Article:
One of the few certainties about the first U.S. Bitcoin ETF is that it will be powered by a regulated CF Benchmarks index

The typical late summer lull in institutional markets news means a quieter slate for crypto ETF applications, for now.

But what about the crypto ETF paperwork that’s been piling up on the SEC’s desk for almost every month of the year?

It’s largely a waiting game since the unprecedented volume of crypto filings in recent months. As we saw, BTC (and ETH) filing mania even stepped up a gear in August, following the SEC chair’s not particularly subtle hint on Bitcoin Futures-based ETFs. Beyond that, uncertainty lingers on several key fronts.

Firstly, there’s the question of what happens to the high-profile applications that preceded what amounted to a clarification from the commission on the crypto fund structure that might be approvable. As this August 11 snapshot suggests, the majority were proposals for ‘physically-backed’ funds.

Recall that the SEC chair said he ‘looked forward’ to more BTC ETF filings, “particularly if those are limited to…CME-traded Bitcoin futures”. That leaves a question mark over ‘physical’ filings.

As always, the proviso is that trying to second guess the SEC is inadvisable.

But there’s no getting away from the additional uncertainty, including for the four high-profile planned 'physical' BTC ETFs planning to use a CF Benchmarks index for NAV calculation.

As for planned futures-based crypto ETFs—mostly styled ‘strategy’ funds—around a month ago, none had been corroborated by essential paperwork from their proposed listing exchange, namely Form 19b-4, which typically starts the clock on an active SEC review. By early September, only the Valkyrie XBTO Bitcoin Futures Fund had a 19b-4.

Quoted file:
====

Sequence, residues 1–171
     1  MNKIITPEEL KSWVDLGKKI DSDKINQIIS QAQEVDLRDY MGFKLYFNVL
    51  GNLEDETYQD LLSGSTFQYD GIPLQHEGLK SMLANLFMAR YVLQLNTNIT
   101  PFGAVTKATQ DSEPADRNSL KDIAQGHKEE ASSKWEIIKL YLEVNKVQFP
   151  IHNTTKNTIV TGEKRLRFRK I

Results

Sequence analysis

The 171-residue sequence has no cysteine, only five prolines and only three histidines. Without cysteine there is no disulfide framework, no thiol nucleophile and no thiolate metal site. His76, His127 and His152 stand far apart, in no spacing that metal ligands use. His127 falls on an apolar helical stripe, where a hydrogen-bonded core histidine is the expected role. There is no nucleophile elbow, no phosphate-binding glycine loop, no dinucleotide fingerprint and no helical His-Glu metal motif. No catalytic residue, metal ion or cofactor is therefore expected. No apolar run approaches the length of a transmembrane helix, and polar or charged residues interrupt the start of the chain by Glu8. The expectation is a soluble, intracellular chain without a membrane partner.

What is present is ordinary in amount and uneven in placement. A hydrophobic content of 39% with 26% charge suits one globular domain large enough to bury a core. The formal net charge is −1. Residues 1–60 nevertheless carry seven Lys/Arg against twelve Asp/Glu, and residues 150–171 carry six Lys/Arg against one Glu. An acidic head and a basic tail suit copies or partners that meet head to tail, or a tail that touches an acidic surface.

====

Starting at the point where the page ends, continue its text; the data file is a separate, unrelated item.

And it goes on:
For ‘physical’ BTC applications past the 19b-4 stage, dates on which the SEC might grant approval stretch out to late-2021/early-2022. These potential endpoints are based on the maximum length of time that the SEC can extend review periods, typically in 45-day stretches, including any public consultation.

As is clear to our regular readers, keeping tabs on the numerous BTC ETF threads is a bit of a challenge. However, we’ve again drilled down on the highest profile ‘physical’ Bitcoin ETF filings that propose to utilise a CF Benchmarks index to calculate daily NAV. These applications are, after all, tantamount to the highest-probability prospects of their kind, given that the SEC will continue to seek the greatest possible oversight on public BTC ETFs.

With the SEC opening a period of public feedback on all four CF Benchmarks-powered ‘physical’ filings, the projected ends of these consultation periods are indicated in the summary below.

Source: SEC

It’s worth noting that the SEC seeking comments shouldn’t be interpreted as a precursor to a decision (as the commission itself states). The agency sought comments on VanEck Bitcoin Trust (which isn’t planning to strike NAV against a regulated benchmark) way back in June. That consultation was followed by another—you guessed it— ‘review extension’—last week.

All-told, the U.S. Bitcoin ETF saga appears set to run on for many months more, though there is increasing certainty on what the first U.S. BTC ETFs to be approved will look like. At a minimum, they will ultimately be underpinned by the same standards of pricing accuracy, integrity, and representativeness as our CME CF Bitcoin Reference Rate (BRR) regardless of their likely tracking profile (note that ‘tracking’ has been the subject of much discussion since SEC chair Gary Gensler’s August comments).

What’s more, the pace of progress towards a public BTC fund has seen SEC messaging evolve rapidly within just a few months.

It might be wise to also apply the ‘Never second guess…’ rule to the SEC's opposition to physical crypto ETFs. It would be cogent for the agency's stance on that to evolve a little further down the line too, just as the commission's view on any sort of crypto ETF at all did.